To assess feasibility and acceptability, we will examine recruitment (percent of screened women and social network members who are approached to participate, decide to enroll), retention, workshop attendance, and participant feedback elicited in the process measures. To assess intervention effects on alter CC screening, we will use an intent-to-treat approach. In addition to comparing the arms at each time interval (baseline, month 6), we will apply logistic generalized mixed models to our repeated-measure data to examine intervention effects, using an indicator for study arm, and time by arm interaction to indicate whether change differs between the arms. We will use imputation for item nonresponse and attrition weights to account for nonrandom dropouts using logistic regressions; if dropout is random, analyses will incorporate design effects. We will explore the sensitivity of significance levels and conclusions to a range of plausible ICC values (.005 to .05) for the outcomes. We will control for and examine interaction effects with intervention process variables (e.g., number of workshops completed) and characteristics of the index participant (e.g., age), as well as the alter (e.g., position in the network, knowledge of index participant’s CC risk).

We will explore factors that may mediate the intervention effects on the primary outcomes among variables targeted by the intervention, such as internalized CC stigma, disclosure (percentage of alters disclosed to), and engagement in CC screening advocacy. The sample size may be too small to do mediation analysis, but we will examine how potential mediators are associated with the primary outcomes and treatment condition using bivariate statistics.

Ethics and dissemination

The study protocol has been reviewed and approved by the Makerere University School of Public Health Research and Ethics Committee (SPH-REC), College of Health and Sciences, Uganda, and cleared by the Uganda National Council of Science and Technology as per national research regulations. Any protocol modifications will be submitted to the SPH-REC for review, and participants will be informed if warranted. The trial is registered with the NIH clinical trial registry ( and assigned the number NCT04960748 (registration date: June 25, 2021). To ensure and maintain the scientific integrity of this human subject research project, and to protect the safety of its research participants, we will have a single, independent monitor (a reproductive health research scientist at the Makerere School of Public Health) to intermittently monitor study results and adverse event data (at months 3 and 6 of implementation of the intervention). The monitor will be provided with periodic reports which include subject enrollment, subject retention, reasons for dropping out, and a listing of all adverse events that are plausibly related to the intervention or study procedures. Adverse events that are considered directly related to the intervention or other aspect of study participation will be reported immediately to the monitor, the IRBs, and NIH. After review of the periodic reports, the monitor will make a recommendation regarding the continuation, modification, or termination of the study. All communications from the independent monitor will be shared with the IRBs and NIH.

As a first step for dissemination, reporting results will be documented on in accordance with NIH requirements on dissemination of clinical trial results. Information submitted will occur no later than 12 months after the primary completion date. Results produced by this investigation will be presented at international conferences and published in a timely fashion, ideally in the last year of the study period. All final peer-reviewed manuscripts that arise from this proposal will be submitted to the digital archive PubMed Central for open access. De-identified data, assessment and intervention materials, and analytic code will be made available upon request from external researchers and following review and approval of the study team.


This study will conduct a randomized, controlled pilot evaluation of a social network-based group intervention designed to empower women who have screened for CC to advocate for CC screening and early treatment among women in their social networks. To our knowledge, no published study has used a network-driven approach and empowerment of screened women (some of whom have also been treated for CC risk) as change agents to increase CC screening and treatment, let alone in Africa. This is one of the few network-driven interventions to use social network data not only to evaluate effects on the behavior of network members but also to inform intervention strategies for targeting advocacy to bridging and popular network members, which may optimize the knowledge and support transfer for CC protective behaviors throughout a network. With essentially every family affected by CC risk in high-prevalence settings like Uganda, the intervention can dramatically impact the mortality and morbidity of CC through widely disseminated and targeted advocacy. This study will inform a future, larger controlled intervention trial, including a more extensive evaluation of effects on network members and the community. If successful, this intervention model has the potential to not only impact uptake of CC screening and treatment but also to establish a paradigm that can be applied to other health conditions.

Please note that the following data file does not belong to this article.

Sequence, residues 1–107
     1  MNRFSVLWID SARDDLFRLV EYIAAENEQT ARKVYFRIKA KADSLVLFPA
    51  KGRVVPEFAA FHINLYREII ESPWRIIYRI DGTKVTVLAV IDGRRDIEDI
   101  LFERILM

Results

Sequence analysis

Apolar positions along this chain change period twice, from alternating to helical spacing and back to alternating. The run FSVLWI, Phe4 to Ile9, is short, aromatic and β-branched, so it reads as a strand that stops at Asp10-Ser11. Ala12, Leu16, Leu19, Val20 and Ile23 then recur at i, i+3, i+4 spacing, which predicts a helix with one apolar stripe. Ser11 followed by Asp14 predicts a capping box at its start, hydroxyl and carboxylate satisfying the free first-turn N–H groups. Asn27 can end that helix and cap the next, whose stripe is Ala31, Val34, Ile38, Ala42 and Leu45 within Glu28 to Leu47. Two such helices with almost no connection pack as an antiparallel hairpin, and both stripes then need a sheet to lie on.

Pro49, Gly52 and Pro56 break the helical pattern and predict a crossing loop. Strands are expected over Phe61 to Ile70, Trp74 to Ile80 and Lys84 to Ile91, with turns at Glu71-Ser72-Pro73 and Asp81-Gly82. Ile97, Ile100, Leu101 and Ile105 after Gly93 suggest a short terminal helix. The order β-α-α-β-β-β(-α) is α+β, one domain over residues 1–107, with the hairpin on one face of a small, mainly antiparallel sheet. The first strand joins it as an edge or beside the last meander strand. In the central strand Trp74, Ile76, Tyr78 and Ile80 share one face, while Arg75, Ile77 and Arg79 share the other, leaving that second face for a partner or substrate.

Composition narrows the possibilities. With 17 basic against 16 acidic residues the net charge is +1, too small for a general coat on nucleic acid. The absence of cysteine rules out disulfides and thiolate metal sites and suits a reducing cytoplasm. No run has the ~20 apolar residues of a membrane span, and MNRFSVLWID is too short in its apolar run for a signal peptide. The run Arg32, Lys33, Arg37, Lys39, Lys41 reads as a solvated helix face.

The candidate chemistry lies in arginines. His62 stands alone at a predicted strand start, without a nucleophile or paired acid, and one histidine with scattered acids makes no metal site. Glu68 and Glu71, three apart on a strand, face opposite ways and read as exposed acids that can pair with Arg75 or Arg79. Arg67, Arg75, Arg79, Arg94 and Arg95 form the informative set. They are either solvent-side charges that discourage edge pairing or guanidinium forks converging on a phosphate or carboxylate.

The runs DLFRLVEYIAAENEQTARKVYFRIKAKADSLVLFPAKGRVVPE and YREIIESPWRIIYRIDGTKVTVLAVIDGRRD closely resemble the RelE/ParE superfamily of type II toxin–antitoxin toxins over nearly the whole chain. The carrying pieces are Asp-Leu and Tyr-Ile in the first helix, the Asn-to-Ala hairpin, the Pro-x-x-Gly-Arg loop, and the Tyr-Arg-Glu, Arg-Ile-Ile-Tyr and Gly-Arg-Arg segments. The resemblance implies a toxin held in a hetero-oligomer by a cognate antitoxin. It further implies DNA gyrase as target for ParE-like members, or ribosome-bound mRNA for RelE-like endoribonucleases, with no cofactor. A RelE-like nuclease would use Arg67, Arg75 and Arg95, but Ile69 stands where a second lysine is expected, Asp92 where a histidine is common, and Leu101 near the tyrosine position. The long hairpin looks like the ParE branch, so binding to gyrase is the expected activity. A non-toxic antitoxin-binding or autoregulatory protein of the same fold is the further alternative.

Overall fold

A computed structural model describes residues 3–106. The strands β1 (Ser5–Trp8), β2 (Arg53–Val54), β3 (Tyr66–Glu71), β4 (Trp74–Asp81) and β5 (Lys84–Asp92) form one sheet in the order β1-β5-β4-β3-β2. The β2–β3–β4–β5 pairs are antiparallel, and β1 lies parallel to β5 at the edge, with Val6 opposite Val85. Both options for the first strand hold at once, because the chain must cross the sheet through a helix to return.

Availability of data and materials

This is a protocol paper, and no data are available yet. De-identified data, assessment and intervention materials, and analytic code from this study will be made available with subsequent papers.


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The authors acknowledge Grace Namisi, a research assistant, for her contribution towards implementation of the protocol (data collection).


US National Institutes of Health 1 R21 TW011728

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All authors contributed towards the design of the study protocol. RKW, WJG, and JKBM wrote the paper first version of the protocol paper. All authors reviewed and provided input into the paper and approved the final version of the paper. The authors read and approved the final manuscript.

Corresponding author

Correspondence to Rhoda K. Wanyenze.

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Ethics approval and consent to participate

The protocol was approved by the Makerere University School of Public Health Research and Ethics Committee (SPH-REC) Uganda and the Uganda National Council of Science and Technology in Uganda. Written informed consent will be provided by all participants in this study.

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Not applicable—this is a protocol paper, and no data are available yet.

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The authors declare that they have no competing interests.

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Wanyenze, R.K., Matovu, J.K.B., Bouskill, K. et al. Social network-based group intervention to promote uptake of cervical cancer screening in Uganda: study protocol for a pilot randomized controlled trial. Pilot Feasibility Stud 8, 247 (2022).

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  • Cervical cancer
  • Screening uptake
  • Social-network intervention